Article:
Diagnostic Features of Alzheimers
When analyzing the brain of a diagnosed Alzheimers Disease patient, two biological
hallmarks are evident at the microscopic level: neurofibrillary tangles and senile plaques.
Neurofibrillary tangles, or NFTs, disrupt the neurons resulting in the inhibition of nervous
impulses. Basically, the neurons are unable to transmit messages, and the affected individual
is unable to respond to environmental stimuli, therefore, losing control of the myriad
functions characteristic of senile dementia. NFTs are made up of filament masses
characterized by a paired helical structure within the neuronal cytoplasm1
. The paired helical structures are made up of abnormally phosphorylated tau protein.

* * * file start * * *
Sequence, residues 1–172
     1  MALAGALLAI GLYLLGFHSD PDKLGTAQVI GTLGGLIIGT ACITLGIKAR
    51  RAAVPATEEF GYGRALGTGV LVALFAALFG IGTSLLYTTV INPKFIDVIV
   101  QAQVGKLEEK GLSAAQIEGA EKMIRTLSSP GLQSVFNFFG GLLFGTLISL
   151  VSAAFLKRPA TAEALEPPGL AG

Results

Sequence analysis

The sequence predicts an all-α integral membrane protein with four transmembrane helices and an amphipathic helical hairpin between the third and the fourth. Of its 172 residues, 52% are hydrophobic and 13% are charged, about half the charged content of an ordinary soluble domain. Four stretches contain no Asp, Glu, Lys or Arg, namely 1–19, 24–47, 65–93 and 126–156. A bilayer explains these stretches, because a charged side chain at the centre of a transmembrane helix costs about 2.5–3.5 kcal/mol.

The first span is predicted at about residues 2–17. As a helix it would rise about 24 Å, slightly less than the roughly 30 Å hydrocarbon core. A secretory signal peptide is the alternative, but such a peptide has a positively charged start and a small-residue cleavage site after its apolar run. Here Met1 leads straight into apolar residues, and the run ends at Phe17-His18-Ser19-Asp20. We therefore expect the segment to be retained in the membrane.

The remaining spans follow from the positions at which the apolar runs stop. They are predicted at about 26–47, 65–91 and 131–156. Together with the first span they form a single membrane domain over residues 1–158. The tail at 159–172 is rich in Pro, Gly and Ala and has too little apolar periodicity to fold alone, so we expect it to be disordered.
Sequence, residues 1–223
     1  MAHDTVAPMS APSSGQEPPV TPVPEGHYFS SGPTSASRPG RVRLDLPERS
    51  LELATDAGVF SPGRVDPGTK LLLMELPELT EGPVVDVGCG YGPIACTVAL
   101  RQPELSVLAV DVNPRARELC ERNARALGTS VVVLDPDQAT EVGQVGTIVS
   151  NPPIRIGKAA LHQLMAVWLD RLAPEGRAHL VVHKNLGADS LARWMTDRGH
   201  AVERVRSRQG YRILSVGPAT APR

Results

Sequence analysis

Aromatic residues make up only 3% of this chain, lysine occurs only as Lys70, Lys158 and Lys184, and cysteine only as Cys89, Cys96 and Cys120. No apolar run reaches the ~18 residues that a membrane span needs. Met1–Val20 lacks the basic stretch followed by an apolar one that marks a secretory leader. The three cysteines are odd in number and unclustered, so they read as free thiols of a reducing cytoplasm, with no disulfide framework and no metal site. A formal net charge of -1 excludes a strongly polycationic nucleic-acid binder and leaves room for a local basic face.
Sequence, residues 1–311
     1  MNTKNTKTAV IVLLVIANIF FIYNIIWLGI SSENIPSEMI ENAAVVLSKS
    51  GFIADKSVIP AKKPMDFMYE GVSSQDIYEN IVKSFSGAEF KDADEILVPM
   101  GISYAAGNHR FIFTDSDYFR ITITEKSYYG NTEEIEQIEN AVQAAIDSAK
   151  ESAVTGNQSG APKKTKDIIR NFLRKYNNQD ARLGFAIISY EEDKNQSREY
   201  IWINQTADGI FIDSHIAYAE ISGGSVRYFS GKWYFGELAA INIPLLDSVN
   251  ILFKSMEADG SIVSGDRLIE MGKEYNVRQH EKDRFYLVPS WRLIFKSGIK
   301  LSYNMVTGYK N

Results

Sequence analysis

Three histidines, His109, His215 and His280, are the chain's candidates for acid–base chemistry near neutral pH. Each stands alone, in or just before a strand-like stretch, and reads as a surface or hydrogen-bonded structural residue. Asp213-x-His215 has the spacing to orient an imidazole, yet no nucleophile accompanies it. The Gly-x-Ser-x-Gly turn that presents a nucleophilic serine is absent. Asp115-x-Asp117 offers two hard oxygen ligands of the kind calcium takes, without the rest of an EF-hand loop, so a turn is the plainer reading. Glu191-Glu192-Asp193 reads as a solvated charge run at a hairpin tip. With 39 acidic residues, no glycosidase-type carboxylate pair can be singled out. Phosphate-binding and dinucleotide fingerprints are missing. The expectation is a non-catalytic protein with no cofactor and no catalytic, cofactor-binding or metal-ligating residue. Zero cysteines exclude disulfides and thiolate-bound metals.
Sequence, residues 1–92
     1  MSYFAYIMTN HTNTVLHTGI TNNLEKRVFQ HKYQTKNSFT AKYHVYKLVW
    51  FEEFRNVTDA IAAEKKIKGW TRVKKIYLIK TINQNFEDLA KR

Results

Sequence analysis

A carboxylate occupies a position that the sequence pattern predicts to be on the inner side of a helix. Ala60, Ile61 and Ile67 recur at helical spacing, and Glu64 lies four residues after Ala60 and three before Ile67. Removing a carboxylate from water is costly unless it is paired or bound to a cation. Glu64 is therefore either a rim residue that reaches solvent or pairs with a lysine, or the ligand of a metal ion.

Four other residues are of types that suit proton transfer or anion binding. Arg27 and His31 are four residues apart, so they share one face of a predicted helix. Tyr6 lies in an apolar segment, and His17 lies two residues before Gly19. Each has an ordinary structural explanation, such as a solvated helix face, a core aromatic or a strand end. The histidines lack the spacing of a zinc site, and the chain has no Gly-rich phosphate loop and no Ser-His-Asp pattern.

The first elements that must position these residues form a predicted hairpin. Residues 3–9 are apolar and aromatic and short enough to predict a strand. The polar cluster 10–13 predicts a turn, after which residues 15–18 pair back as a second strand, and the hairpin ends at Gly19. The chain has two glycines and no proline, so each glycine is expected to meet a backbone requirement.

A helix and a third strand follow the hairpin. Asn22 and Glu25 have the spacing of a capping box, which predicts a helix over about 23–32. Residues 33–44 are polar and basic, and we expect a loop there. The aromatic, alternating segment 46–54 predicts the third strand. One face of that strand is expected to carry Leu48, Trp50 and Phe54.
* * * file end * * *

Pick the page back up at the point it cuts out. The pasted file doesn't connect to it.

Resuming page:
Tau protein regulates the dynamic instability of the microtubules in the cell, and is possibly
associated with the polarity and bundling of microtubules. This phosphorylation causes the
tau protein to associate with itself instead of binding with the microtubules, thus, resulting in paired helical structures. Although NFTs are best known as indicators of Alzheimers
Disease, they are also found in the brains of persons afflicted with other neurological
disorders, such as encephalopathic Parkinson's disease.
1 Edwardson et al.
2 "Untangling Alzheimers Disease." Internet. (1996). Netscape Online. (http://cait.cpmc.columbia.edu/news/frontiers/boif.html).
3 Kuroda, Y. et al. "Application of Long-Term Cultured Neurons in Aging and Neurological Research: Aluminum Neurotoxicity, Synaptic Degeneration and Alzheimers Disease." Gerontology. 41 (1994): 2-6.
4 Anderson et al.